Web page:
The seventh Appalachian Set Theory workshop was held at Cornell University in Ithaca on November 22, 2008. The lecturer was Vladimir Pestov. As a graduate student Aleksandra Kwiatkowska assisted in writing this chapter, which is based on the workshop lectures.
This is an edited write-up of lecture notes of the 7-th Appalachian set theory workshop of the same title led by the first named author at the Cornell University on November 22, 2008. A draft version of the notes was prepared by the second named author. This presentation is largely complementary to the earlier survey by the first-named author (Hyperlinear and sofic groups: a brief guide, Bull. Symb. Logic 14 (2008), pp. 449–480).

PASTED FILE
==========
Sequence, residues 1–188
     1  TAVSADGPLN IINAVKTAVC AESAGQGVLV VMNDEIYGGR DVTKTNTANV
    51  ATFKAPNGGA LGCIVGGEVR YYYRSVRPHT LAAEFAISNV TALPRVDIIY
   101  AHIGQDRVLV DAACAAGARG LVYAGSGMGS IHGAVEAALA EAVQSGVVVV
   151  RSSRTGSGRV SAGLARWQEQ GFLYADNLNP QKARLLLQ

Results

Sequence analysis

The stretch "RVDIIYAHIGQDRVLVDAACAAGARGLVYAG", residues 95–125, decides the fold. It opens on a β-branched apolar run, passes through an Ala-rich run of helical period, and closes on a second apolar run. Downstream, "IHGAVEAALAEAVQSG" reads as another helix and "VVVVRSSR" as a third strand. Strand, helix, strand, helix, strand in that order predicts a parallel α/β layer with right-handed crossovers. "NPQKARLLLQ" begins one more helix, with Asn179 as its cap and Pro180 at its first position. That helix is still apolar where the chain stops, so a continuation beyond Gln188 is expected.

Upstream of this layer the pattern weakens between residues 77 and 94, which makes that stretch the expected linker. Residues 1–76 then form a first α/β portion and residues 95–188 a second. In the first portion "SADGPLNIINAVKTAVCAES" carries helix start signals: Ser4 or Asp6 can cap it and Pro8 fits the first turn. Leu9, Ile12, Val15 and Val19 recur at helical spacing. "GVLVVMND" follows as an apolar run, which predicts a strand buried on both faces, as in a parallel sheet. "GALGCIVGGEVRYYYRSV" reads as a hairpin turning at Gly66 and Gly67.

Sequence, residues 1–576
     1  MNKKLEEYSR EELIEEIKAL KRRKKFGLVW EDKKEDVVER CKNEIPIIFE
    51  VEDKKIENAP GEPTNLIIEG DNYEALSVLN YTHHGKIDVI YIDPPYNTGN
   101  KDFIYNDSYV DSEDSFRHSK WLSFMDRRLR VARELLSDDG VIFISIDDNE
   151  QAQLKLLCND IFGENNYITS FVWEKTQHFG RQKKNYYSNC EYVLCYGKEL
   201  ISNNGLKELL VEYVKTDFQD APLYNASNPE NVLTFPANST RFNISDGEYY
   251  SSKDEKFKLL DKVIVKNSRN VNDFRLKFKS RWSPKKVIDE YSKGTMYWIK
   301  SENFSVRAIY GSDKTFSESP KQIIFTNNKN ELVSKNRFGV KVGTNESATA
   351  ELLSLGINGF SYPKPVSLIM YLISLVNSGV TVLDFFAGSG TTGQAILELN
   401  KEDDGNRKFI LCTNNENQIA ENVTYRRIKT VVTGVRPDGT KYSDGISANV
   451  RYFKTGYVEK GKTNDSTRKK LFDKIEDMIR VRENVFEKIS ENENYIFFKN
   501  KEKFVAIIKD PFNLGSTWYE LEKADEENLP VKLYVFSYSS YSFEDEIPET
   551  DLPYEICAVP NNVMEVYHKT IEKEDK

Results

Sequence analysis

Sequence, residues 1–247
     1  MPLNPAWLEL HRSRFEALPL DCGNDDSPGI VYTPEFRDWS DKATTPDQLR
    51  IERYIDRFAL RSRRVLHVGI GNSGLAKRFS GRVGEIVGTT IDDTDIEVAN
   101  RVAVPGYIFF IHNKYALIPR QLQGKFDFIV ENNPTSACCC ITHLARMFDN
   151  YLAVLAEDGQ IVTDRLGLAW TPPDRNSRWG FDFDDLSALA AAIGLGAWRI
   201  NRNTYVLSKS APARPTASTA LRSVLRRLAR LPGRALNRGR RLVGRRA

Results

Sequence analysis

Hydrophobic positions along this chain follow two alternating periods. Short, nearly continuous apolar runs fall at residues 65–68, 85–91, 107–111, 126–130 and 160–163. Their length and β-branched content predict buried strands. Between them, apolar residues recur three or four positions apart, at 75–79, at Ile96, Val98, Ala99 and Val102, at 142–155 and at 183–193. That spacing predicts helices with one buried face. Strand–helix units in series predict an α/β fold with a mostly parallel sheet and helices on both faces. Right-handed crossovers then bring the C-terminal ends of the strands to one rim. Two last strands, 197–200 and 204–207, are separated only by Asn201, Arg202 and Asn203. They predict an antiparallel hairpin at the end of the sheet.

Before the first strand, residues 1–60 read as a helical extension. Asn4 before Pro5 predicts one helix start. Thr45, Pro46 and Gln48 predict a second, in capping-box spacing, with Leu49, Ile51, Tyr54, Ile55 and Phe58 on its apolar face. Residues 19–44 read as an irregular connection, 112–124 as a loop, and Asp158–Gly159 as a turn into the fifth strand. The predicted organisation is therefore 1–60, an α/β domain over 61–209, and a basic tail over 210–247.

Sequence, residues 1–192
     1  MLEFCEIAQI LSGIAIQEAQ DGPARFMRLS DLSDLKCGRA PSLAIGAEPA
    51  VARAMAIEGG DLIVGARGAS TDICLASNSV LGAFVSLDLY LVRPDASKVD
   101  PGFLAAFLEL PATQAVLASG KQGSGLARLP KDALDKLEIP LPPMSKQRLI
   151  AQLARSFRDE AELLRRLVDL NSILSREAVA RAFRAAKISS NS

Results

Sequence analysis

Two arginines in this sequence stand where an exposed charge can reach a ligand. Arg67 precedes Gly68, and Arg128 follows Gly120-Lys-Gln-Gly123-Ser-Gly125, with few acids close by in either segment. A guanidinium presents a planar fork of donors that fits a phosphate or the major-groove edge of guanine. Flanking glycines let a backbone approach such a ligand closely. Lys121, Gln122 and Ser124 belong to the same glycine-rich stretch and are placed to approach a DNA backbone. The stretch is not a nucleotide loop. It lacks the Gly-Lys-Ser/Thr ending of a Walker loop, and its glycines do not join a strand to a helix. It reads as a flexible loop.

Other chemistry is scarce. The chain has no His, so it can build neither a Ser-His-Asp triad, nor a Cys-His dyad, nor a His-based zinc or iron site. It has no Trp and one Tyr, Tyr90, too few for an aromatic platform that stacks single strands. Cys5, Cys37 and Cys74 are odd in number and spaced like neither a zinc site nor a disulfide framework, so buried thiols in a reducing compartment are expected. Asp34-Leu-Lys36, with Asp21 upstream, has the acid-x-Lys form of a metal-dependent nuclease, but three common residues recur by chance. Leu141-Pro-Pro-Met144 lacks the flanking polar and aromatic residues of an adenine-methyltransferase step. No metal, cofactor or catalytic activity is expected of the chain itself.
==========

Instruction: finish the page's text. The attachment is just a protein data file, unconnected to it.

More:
Motivation: group matrix models in the sense of classical first-order logic
In these lectures, we will deal with a class of groups called hyperlinear groups, as well as its (possibly proper) subclass, that of sofic groups. One natural way to get into this line of research is through the theory of operator algebras. Here, the hyperlinear groups are sometimes referred to as “groups admitting matrix models”. This can be indeed interpreted as a genuine model-theoretic statement, within a suitable version of logic. Namely, a group G is said to admit matrix models if every existential sentence of the first-order theory of G is satisfied in matrix groups.
What makes the concept interesting — and difficult to work with — is that at the matrix group end it is not the classical first-order logic that one has in mind, but rather a version of continuous logic with truth values in the unit interval [0; 1].